Friday, April 26, 2013

No Reserve 'Chute?

No, you didn't somehow stumble onto a skydiving blog. No Reserve 'Chute is about Christianity and, well, controversy. Mostly, the significant controversies surrounding the doctrine of salvation. And you can't discuss the doctrine of salvation without diving into issues like Calvinism and Arminianism and free will and God's sovereignty and, well, I could go on.

So here's the basic idea behind the title: A skydiver relies on his parachute to get him to the ground safely after he has flung himself out of a perfectly good airplane thousands of feet above the ground. If he hits the ground without a chute, he will die instantly. Skydivers' lives are at stake. An improperly packed 'chute or damaged hardware could lead to disaster. So, it's a good context in which to discuss the idea of "trust" and consider how that might relate to the concept of the gospel as presented in the New Testament. More on that shortly…

The subtitle says "Christian Apologetics From a Free Grace Perspective." Christian Apologetics is a discipline oriented toward giving a reasoned defense for Christianity. And there are many 'reasoned defenses' to be given. But somehow theology, and the doctrine of salvation in particular, gets left out of discussions about apologetics. And that strikes me as a little odd because salvation and the gospel is really the core of Christianity. And if we can't take a stand on that, if we say those details don't really matter and we can just "agree to disagree" about, for example, whether a person can lose their salvation, then why learn about defending the Christian faith? You'd think there's nothing important to defend.

"Free Grace" is a term for a theological system which affirms faith alone in Christ alone, and actually means it. Most folks within the Free Grace movement would understand that there are deep flaws in aspects of Arminianism and Calvinism both, and that asking, "Which is right, Arminianism or Calvinism?" is a false dichotomy. There are more than two options.

Back to the parachute metaphor: In numerous places in the New Testament, Jesus and the New Testament writers implore their audiences to "believe" in Jesus Christ, and that those who do will be saved from eternal separation from God and will receive, as a free gift, eternal life.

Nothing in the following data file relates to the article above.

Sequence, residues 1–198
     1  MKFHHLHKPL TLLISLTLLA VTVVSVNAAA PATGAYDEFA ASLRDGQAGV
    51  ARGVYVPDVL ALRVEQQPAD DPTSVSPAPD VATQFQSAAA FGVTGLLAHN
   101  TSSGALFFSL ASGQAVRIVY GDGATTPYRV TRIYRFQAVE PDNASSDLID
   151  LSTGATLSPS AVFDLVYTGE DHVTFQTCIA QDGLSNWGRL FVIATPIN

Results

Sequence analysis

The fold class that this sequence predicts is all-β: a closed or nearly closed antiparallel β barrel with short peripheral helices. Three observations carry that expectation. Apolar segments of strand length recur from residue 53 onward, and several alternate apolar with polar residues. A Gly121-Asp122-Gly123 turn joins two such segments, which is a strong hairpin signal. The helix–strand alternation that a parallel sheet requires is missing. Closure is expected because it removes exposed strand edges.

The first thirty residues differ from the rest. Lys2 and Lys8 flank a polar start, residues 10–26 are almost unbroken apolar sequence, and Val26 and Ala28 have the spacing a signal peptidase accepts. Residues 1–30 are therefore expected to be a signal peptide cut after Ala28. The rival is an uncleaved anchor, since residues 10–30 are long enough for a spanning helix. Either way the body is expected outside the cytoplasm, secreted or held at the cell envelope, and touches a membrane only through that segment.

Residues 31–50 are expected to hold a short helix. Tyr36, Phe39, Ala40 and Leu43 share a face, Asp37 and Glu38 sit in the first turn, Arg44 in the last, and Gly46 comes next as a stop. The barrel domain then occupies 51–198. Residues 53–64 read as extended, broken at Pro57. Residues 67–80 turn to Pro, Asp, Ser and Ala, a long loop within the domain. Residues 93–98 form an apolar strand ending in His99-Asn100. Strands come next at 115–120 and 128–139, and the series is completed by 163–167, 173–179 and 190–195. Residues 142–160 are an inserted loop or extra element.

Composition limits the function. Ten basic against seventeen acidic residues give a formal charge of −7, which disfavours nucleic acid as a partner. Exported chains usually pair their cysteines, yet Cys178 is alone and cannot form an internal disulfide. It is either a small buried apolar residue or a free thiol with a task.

Well, the word translated "believe" in many of these passages is the Greek verb "pisteuo" and this word conveys the idea of trust or reliance. And the title of this blog connects with that in what I think is an interesting way.

A skydiver knows his life is at stake. He knows something could go wrong with his main chute. And so, as a "B plan," he carries a reserve chute which he can deploy in case of trouble. This reveals something important: The skydiver does not trust his main chute, and we know this because we see that he carries a reserve. You show me a skydiver who jumps with only one chute--with no reserve 'chute--and I'll show you a skydiver who really trusts that one parachute.

I'm convinced that if skydiving had been a sport during the 1st century A.D., Greek-speaking people of that day would have used the word "pisteuo" to describe the skydiver's reliance on his parachute.

There's an expression in Christianity that encapsulates how salvation is received… I've already invoked it once just in this introduction. That expression is "Faith alone in Christ alone." But what does it mean? Well, I'm convinced it means that God is inviting us to jump out of the plane with no reserve chute. He wants us to trust in or rely on Jesus Christ completely, without relying on anything else in addition to that. Not our works, not our obedience, not our commitment, not our promises, not our performance. It's not that we shouldn't do good works or be obedient or any of that, it's just that we shouldn't rely on those things for our salvation. But it's quite common today to hear that if you're performing poorly, if you lack works and if you're disobedient beyond some undefined threshold, you should doubt your salvation. Likewise, if you're performing well, if your good works are plentiful, then your salvation is rendered more certain. But this is what it looks like to rely on your own performance. It's a kind of reserve 'chute.

Within Christianity everyone seems to give lip service to the idea of "faith alone in Christ alone," but is that all it is? If we examine popular Christian teaching carefully, will we find a genuine commitment to the idea of "faith alone in Christ alone," or will we find many popular Christian authorities mouthing those words one minute, while instructing us to pack a reserve chute the next?

Call me crazy, but if we're going to learn to give a "reasoned defense" for Christianity, then I think we should understand just exactly what we're defending. And that means examining the issue of faith and works more critically in addition to all the standard topics you're likely to find in discussions about apologetics.

1 comment:

  1. Great introduction, Pete. I believe you're on the right track with the reserve chute metaphor.

    I'm not adding to what you've said, but reading it prompted me to think about why believers trust God and why we don't trust our main chutes.

    It necessarily implies that we understand that we are imperfect, that we can make mistakes, and in order to counter our imperfections, we must rely on things such as reserve chutes.

    It also necessarily implies that in order to truly trust God, we must believe he is truly perfect. It is the only way for one to have complete faith in someone else, and God is the only entity that we, as believers, understand to be perfect.